Project description:The genetic transformation of monocot grasses is a resource intensive process, the quality and efficiency of which is dependent in part upon the method of DNA introduction, as well as the ability to effectively separate transformed from wildtype tissue. Agrobacterium-mediated transformation of Brachypodium has relied mainly on Agrobacterium tumefaciens strain AGL1. Currently the antibiotic hygromycin B has been the selective agent of choice for robust identification of transgenic calli in Brachypodium distachyon and Brachypodium sylvaticum but few other chemicals have been shown to work as well for selection of transgenic Brachypodium cells in tissue culture. This study demonstrates that Agrobacterium rhizogenes strain 18r12v and paromomycin selection can be successfully used for the efficient generation of transgenic B. distachyon and B. sylvaticum. Additionally we observed that the transformation rates were similar to or higher than those obtained with A. tumefaciens strain AGL1 and hygromycin selection. The A. rhizogenes strain 18r12v harboring the pARS1 binary vector and paromomycin selection is an effective means of generating transgenic Brachypodium plants. This novel approach will facilitate the transgenic complementation of T-DNA knockout mutants of B. distachyon which were created using hygromycin selection, as well as aid the implementation of more complex genome manipulation strategies which require multiple rounds of transformation.
Project description:Eukaryotic genomes are pervasively transcribed and only a small portion of the transcribed sequences belongs to protein coding genes. High-throughput sequencing technology contributed to consolidate this perspective, allowing the identification of numerous noncoding RNAs with key roles in biological processes. Long noncoding RNAs (lncRNAs) are transcripts longer than 200?nt with limited phylogenetic conservation, expressed at low levels and characterized by tissue/organ specific expression profiles. Although a large set of lncRNAs has been identified, the functional roles of lncRNAs are only beginning to be recognized and the molecular mechanism of lncRNA-mediated gene regulation remains largely unexplored, particularly in plants where their annotation and characterization are still incomplete. Using public and proprietary poly-(A)+ RNA-seq data as well as a collection of full length ESTs from several organs, developmental stages and stress conditions in three Brachypodium distachyon inbred lines, we describe the identification and the main features of thousands lncRNAs. Here we provide a genome-wide characterization of lncRNAs, highlighting their intraspecies conservation and describing their expression patterns among several organs/tissues and stress conditions. This work represents a fundamental resource to deepen our knowledge on long noncoding RNAs in C3 cereals, allowing the Brachypodium community to exploit these results in future research programs.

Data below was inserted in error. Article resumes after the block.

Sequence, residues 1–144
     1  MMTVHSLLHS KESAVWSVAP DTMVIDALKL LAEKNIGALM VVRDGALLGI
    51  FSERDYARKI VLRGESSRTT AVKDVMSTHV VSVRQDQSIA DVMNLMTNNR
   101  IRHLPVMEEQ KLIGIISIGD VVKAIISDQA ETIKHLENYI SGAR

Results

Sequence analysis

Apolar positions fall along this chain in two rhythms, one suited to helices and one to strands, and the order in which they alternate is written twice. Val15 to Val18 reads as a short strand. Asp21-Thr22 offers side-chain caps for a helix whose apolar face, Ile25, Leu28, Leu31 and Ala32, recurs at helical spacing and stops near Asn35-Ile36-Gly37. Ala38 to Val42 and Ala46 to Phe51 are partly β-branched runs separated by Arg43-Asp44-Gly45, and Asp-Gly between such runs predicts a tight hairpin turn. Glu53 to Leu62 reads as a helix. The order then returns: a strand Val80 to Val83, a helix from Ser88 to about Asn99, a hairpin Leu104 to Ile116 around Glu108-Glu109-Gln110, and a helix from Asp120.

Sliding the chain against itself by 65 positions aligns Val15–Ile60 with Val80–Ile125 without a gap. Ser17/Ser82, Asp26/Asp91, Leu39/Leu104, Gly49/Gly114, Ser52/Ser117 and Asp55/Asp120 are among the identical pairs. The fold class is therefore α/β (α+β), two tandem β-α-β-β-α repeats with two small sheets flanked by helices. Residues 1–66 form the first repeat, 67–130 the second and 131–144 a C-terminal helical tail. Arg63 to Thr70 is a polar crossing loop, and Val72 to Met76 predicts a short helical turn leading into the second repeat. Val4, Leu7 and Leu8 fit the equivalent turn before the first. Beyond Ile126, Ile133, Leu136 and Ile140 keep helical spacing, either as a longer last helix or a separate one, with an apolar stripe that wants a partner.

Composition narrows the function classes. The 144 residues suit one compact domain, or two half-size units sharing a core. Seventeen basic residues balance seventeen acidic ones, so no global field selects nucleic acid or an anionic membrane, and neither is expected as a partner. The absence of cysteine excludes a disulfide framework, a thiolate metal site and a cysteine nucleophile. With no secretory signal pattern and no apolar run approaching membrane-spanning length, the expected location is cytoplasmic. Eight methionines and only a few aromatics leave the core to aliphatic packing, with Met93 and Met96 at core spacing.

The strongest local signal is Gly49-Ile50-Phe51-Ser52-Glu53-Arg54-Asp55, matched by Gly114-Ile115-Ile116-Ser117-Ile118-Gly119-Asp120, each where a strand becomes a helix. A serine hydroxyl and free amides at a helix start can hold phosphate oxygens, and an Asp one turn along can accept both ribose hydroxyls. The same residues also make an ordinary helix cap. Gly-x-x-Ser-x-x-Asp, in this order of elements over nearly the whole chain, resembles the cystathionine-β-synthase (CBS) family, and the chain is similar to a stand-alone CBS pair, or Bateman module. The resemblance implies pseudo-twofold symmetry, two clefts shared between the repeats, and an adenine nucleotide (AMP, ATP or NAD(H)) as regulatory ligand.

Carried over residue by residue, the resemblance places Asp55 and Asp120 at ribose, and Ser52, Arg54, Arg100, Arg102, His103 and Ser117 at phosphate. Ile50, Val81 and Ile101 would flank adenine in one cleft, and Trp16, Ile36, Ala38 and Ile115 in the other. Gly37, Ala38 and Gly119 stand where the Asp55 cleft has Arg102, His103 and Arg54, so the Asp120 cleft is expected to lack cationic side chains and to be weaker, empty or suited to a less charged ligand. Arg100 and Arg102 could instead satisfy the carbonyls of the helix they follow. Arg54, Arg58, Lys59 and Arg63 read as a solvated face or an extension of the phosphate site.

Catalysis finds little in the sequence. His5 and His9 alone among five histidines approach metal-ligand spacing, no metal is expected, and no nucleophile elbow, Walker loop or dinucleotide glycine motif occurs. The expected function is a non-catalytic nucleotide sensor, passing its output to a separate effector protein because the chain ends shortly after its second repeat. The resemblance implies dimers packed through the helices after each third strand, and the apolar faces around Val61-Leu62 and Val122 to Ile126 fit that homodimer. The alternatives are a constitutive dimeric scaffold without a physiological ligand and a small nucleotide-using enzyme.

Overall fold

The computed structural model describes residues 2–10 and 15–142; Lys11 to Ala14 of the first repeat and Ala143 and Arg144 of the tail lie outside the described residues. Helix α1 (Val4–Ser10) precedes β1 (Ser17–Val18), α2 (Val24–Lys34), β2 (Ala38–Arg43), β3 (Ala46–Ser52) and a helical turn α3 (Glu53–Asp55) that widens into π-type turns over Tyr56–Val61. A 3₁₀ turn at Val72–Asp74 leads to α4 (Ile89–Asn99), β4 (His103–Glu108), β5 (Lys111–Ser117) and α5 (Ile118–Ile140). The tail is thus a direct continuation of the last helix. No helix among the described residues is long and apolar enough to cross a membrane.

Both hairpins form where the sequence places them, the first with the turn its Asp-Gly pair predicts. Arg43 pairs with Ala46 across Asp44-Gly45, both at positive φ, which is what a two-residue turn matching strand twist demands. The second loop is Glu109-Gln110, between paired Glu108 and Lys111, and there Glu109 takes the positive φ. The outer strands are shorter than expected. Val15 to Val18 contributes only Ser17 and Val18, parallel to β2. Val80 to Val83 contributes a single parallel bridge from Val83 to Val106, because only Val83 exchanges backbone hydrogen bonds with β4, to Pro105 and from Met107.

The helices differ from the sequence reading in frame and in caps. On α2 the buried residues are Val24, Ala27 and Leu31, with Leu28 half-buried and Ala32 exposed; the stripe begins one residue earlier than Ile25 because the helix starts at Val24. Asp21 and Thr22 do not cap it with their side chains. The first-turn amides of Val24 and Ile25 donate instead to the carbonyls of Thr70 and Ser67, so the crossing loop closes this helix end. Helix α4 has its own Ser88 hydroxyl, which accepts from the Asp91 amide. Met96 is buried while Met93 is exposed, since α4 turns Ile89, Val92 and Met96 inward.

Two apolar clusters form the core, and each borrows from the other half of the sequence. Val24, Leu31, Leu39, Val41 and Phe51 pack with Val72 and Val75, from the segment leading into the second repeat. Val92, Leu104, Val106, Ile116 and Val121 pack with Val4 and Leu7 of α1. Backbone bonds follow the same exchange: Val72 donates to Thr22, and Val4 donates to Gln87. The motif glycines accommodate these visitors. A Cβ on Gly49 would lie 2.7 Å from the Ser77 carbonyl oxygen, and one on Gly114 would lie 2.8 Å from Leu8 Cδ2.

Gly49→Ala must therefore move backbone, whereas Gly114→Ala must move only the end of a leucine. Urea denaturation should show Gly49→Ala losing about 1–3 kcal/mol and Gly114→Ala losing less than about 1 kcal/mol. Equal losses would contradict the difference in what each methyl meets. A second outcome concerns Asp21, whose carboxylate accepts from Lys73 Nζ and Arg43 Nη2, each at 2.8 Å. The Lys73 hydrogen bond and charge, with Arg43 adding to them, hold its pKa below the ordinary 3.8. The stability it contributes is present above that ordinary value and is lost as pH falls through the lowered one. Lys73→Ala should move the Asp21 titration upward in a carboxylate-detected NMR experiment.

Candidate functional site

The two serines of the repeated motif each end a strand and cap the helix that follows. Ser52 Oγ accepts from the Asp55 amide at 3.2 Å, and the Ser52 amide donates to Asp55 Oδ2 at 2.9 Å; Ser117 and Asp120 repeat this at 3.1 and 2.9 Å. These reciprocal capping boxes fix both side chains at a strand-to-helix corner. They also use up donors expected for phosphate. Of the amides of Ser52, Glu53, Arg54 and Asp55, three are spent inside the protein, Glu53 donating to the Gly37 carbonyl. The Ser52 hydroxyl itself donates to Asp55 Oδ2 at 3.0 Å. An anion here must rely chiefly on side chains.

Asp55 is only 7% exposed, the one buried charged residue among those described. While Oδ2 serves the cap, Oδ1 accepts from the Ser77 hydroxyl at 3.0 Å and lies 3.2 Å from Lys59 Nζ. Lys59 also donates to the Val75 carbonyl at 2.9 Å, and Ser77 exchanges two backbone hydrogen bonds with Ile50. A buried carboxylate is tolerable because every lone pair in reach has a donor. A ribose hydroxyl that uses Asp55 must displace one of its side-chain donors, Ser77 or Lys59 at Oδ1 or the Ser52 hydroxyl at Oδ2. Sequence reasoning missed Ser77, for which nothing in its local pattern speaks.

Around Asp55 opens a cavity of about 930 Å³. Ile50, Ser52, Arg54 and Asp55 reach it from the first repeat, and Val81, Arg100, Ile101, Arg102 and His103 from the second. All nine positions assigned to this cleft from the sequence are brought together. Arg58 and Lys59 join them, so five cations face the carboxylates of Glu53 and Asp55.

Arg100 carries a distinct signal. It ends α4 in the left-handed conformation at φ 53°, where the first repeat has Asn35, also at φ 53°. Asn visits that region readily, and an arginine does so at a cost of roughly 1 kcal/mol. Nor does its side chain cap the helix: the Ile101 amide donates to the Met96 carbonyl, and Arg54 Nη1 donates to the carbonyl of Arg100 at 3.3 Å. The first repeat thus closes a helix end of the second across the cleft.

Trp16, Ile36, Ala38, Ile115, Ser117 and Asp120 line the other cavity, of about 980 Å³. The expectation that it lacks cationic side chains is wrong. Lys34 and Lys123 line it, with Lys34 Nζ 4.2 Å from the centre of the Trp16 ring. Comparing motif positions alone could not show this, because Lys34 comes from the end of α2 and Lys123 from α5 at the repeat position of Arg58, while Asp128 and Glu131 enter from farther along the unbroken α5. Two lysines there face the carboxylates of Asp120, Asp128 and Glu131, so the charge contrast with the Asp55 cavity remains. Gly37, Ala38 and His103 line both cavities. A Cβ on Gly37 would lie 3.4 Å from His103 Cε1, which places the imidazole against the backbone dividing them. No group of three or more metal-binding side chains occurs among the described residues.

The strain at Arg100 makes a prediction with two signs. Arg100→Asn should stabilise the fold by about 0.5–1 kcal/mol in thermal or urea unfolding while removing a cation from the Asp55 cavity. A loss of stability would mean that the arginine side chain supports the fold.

Project description:Transcriptomic analyses are particularly powerful in research when they are based on detailed underlying knowledge of developmental processes, morphological/anatomical features and biochemical/metabolic processes. Our work is based on our detailed knowledge of grain development and provides an invaluable resource for both Brachypodium grain development specifically and for comparative analyses to other species, including cereal crops. Grain development includes several transition points in addition to being preceded and succeeded by the fundamental developmental switches of fertilization and germination. Such complex process requires a larger sets of genes expressed in a highly-controlled manner. We have selected eight stages of developmental in Brachypodium distachyon encompassing these transitions and conducted comprehensive transcriptomic analyses to generate a valuable resource of the developmental transitions and the distinctive biological processes that are activated and/or repressed during grain development and germination. Comparison of the data generated in this project to other grasses, including the important crop species, and beyond will also shed light on the conservation and/or diversification in gene expression and function in an evolutionary context. Brachypodium distachyon grains (Bd-21 accession) were germinated on moist filter paper after stratification at 4°C for 48h. Five-day old seedlings were transferred to 9cm square pots with a 2:2:1 multipurpose compost: vermiculite: sand mix and grown under controlled environment conditions with a 18h photoperiod at 20°-22°C and light intensity of 180-200 umol/m/s. Tissue samples were collected from eight distinct developmental stages; pre-anthesis ovaries, young grains (1-3 DAA), middle length grains (3-8 DAA), full length grains (8-15 DAA), mature grains (15-20 DAA), mature grains without embryo, germinating grains and seedlings at 3-4 days after germination (Fig.1). Tissues were frozen in liquid nitrogen immediately after collection and were kept at -80°C until further analyses. Total RNA was isolated from frozen tissue samples using the Spectrum Plant Total RNA Kit (Sigma-Aldrich) following the manufacturer’s instructions. Three biological replicates were used for each stage of development. The RNA samples were treated with DNase I (New England Biolabs) in order to eliminate DNA contamination and their concentration was determined using a NanoDrop spectrophotometer (Thermo Fisher Scientific).